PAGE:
Front & center
An immersive “post-event Appalachia” will soon welcome explorers at the Center for Craft
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ASHEVILLE, NC (September 27, 2023) – Over 40 individual artists and artists’ collectives from Western North Carolina, and specializing in art forms as diverse as theater, sculpture, textiles, performance art, mask making, installation art, furniture making, and more will bring their singular visions of a “post-event Appalachia” to life in the Krafthouse 2023: Forest of the New Trees. The immersive installation will open to intrepid explorers Thursdays and Fridays from 5 - 8 p.m. and Saturdays from 2 - 4 p.m. and 6 - 9 p.m. from September 28-October 13 at Center for Craft in downtown Asheville (67 Broadway). Tickets are on sale now.
Local artist Jeannie Regan, this year’s Creative Director, has invited each artist to interpret the theme for the inaugural Krafthouse – “Forest of the New Trees” – uniquely, creating shifting, simultaneous realities that will coexist in tandem with one another and with visitors, who will also play a role in this ephemeral, unforgettable world. Audience members will be active participants, whether they choose to interact directly with the artists or simply to move through and explore the lively night market. Each merchant-artist will have their own story of what has happened in Appalachia, which they will share through the arts and wares they have created. In this new, post-currency world, participants may trade for these wares with objects they have brought or made while in attendance.
While glimpses of each artist's interpretation will be shared on social media and the Center for Craft's website, Krafthouse will be most powerful and rewarding when experienced in its totality. Visitors are also encouraged to return, and can expect a different experience each night as this communally-imagined Appalachia evolves, and as they themselves seek new routes, both physical and imaginary, through the space.
Konrad Sanders, Krafthouse’s lead fabricator, notes that “Forest of the New Trees” is a way to participate in an immersive and performative future reality created by artists responding to the question, ‘What will the future look like?’” He hopes that participants will “come look through the peephole into the future Appalachia we've created.”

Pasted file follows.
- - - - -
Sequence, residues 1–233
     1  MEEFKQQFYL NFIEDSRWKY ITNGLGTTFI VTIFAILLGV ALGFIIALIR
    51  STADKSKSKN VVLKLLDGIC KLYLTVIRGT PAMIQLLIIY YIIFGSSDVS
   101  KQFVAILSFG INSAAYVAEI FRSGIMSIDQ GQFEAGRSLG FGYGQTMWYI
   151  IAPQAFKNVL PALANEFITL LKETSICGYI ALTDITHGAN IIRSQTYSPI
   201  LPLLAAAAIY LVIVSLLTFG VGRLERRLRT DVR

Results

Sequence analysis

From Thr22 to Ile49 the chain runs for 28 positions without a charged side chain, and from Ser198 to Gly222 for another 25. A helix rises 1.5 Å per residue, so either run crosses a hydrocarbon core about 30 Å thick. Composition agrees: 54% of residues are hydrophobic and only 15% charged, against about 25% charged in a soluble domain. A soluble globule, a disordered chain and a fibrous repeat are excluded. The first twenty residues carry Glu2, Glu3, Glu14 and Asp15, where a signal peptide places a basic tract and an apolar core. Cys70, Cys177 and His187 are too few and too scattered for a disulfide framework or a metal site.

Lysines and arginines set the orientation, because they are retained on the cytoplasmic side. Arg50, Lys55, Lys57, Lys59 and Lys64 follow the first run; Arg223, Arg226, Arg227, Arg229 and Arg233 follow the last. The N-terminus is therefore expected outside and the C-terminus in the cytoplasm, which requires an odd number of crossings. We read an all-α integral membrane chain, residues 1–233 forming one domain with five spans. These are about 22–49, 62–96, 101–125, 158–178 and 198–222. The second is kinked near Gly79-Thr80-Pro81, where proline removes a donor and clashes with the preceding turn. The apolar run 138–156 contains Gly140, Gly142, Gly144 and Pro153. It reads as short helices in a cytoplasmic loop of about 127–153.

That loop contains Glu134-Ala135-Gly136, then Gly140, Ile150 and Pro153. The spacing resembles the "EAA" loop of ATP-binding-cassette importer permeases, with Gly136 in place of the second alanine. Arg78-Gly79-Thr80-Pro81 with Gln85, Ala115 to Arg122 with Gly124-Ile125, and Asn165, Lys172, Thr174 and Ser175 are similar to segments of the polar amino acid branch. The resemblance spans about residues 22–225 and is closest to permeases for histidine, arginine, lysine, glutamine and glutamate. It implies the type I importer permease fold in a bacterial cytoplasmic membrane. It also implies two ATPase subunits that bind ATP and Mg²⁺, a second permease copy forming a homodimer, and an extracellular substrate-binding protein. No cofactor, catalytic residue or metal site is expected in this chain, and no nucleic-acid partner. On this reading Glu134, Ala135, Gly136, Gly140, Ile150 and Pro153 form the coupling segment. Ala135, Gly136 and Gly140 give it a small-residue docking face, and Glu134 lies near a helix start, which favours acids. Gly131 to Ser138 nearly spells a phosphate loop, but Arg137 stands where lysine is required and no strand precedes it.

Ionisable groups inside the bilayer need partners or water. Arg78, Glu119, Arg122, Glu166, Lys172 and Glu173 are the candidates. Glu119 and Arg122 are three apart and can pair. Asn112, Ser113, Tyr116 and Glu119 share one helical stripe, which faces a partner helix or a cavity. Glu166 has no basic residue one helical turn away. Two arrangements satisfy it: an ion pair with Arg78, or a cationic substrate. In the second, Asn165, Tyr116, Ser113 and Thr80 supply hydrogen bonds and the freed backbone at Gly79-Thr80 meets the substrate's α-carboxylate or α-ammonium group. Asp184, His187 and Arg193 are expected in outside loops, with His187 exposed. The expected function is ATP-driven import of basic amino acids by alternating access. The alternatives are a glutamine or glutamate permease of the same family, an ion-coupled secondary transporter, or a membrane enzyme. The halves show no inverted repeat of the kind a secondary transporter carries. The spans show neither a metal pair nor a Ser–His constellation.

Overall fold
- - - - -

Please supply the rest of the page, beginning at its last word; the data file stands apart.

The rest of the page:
Morgan Hill, a sculptor, jeweler, and installation artist inspired by ‘90s pop culture, camp, and costume design, shares that participation has allowed her “to imagine how we come together after major shifts in our lives.” She says that much of her work focuses on hardship and subjects that aren't always easy to talk about, often from her personal life.
“The older I get, the more I realize that the hardships I face aren't experienced alone,” she says. “Forest of the New Trees is about experiencing hardship – or what comes after major change – that shakes [up] our lives as we know it. Although this is an imagined journey, it's necessary sometimes to live out these things in our minds and bodies and find a way to connect to each other.
“In my own studio, I am at play with my own life scenarios,” she adds. “Much like a dream, I imagine a scenario and then I play it out through my body and what I create. Starting with one major idea, I have created a future world alongside other artists in Krafthouse. It's been incredible seeing the comparisons of our worlds. Collaboration has been easy, but still surprising thus far. It's a nice change to work alongside artists with the same goals instead of creating alone.”
Other artists include Joshua Adams, a Cherokee wood and stone carver, painter, potter, 3D printer, and videographer; immersive aural artist Dammkiana; Different Strokes! Performing Arts Collective; Jenny Fares, graphic designer and founder of Sound Mind Design; Nora Hartlaub, a sculptor, installation, video, and performance artist; fiber collective Local Cloth; utopian visionary collective Order of the Butterfly; filmmaker Donnie Rex; furniture designer and sculptor Ellie Richards; photographer, ceramicist, filmmaker, and filmmaker Cat Siravantha; interdisciplinary collective Swanntopia; experimental animator and documentary filmmaker Charlotte Taylor; jewelry, textiles, and woodworking artist Devyn Vasquez; steel and paper sculptor Darcy Ward; and multimedia visual artist Liz Williams, who has curated the film screening embedded in the experience.
For people new to immersive experiences, Crystal Sherriff, Krafthouse’s Cultural Advisor, has this to share: “For those of you who have never experienced an immersive experience crafted around your inner compass, you’re in for a treat. Krafthouse allows artists to get into their most creative flow to take audiences through portals and worlds that we’ve only previously imagined. You don’t want to miss this.”
Tickets ($15) provide guests with a self-guided tour of the immersive installation, which runs for approximately three weeks from September 28-October 13 on Thursdays and Fridays from 5 - 8 p.m. and on Saturdays from 2 - 4 p.m. and 6 - 9 p.m. Ticketed tours depart every 10 minutes, and the experience takes approximately 30 minutes.
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ABOUT CENTER FOR CRAFT Founded in 1996, the Center for Craft’s mission is to resource, catalyze, and amplify how and why craft matters. As a 501(c)3 national nonprofit that increases access to craft by empowering and resourcing artists, organizations, and communities through grants, fellowships and programs that bring people together. The Center is widely acknowledged as one of the most influential organizations working on behalf of craft in the United States. For more information, visit www.centerforcraft.org.